The news in recent weeks has carried an unusual number of stories about awful tragedies that have occurred around the globe.
I’m thinking of the sinking of the Indonesian submarine in which 53 sailors were lost in the depths of the ocean; the inferno at the hospital in Iraq that killed 82, mostly Covid patients; the 41 refugees who drowned in the Mediterranean Sea when their rickety boat sank as they attempted a perilous crossing; and the growing, horrendous Covid disaster in India where more than 200,000 people have died, the hospitals are filled, and the fields are littered with too many bodies to count.
This sad litany now includes the panicked stampede at a holy site in Israel where 45 were trampled to death and many more were injured; and here, closer to home, the thousands of abandoned immigrant children who have been warehoused in crowded conditions because of failed immigration policies and political gridlock.
As we encounter these terribly sad stories, it’s a temptation to gloss over them, and then move quickly onto the challenges and events of our own daily lives.
But our faith calls us to something more, and that is to consider the human cost of these tragedies and to picture the people involved. All the people who died in these disasters – they were husbands and wives, parents and children, brothers and sisters. In many cases they left behind grieving family members and beloved friends with their own personal stories, and even those who survived – their lives have been forever scarred by the events they’ve endured.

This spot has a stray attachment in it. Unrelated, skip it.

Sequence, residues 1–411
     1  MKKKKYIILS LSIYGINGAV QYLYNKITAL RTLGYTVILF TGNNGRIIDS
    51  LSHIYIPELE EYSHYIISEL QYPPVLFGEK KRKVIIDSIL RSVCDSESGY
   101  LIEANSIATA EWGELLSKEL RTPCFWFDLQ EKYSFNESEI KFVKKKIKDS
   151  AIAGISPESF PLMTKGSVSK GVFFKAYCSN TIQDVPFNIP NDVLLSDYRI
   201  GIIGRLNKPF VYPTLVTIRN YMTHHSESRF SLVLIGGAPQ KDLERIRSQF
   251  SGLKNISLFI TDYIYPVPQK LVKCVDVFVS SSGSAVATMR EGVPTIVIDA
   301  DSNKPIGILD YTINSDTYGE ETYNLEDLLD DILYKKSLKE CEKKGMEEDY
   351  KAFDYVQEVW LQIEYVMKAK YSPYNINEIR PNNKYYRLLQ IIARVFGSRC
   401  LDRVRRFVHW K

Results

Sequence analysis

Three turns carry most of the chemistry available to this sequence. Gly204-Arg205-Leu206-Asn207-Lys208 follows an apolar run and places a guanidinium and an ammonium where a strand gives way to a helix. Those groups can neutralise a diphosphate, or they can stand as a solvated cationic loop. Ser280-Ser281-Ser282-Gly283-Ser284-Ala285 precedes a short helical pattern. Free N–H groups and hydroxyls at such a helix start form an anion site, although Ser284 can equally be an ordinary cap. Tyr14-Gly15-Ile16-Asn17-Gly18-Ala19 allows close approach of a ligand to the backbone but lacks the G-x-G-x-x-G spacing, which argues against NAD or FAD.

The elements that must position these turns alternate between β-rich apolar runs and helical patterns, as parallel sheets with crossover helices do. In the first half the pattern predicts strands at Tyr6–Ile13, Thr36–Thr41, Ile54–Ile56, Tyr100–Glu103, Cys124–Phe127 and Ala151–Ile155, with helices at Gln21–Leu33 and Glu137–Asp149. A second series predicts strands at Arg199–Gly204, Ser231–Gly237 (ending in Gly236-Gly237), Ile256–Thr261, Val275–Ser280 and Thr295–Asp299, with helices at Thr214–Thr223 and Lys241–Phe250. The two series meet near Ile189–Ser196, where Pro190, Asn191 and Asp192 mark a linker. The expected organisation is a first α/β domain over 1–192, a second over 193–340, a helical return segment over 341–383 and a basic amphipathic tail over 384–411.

Pope Francis has repeatedly lamented the culture of indifference, and has challenged us to be one human family in caring for others, wherever, whoever they might be. In his encyclical Fratelli Tutti, the Pope calls us to a fraternal love “that transcends the boundaries of geography and distance.” And in his reflection, Let us Dream, he says: “Sometimes when you think globally, you can be paralyzed . . . I find it helps to focus on concrete situations; You can see faces looking for life and love in the reality of each person.”
In dealing with the harsh realities of our broken world, our Christian Faith obliges us to look at the faces behind the headlines, to remember and pray.
Something to think about: The next time you hear about a tragedy in our world, stop for a moment and say a prayer for those who are affected.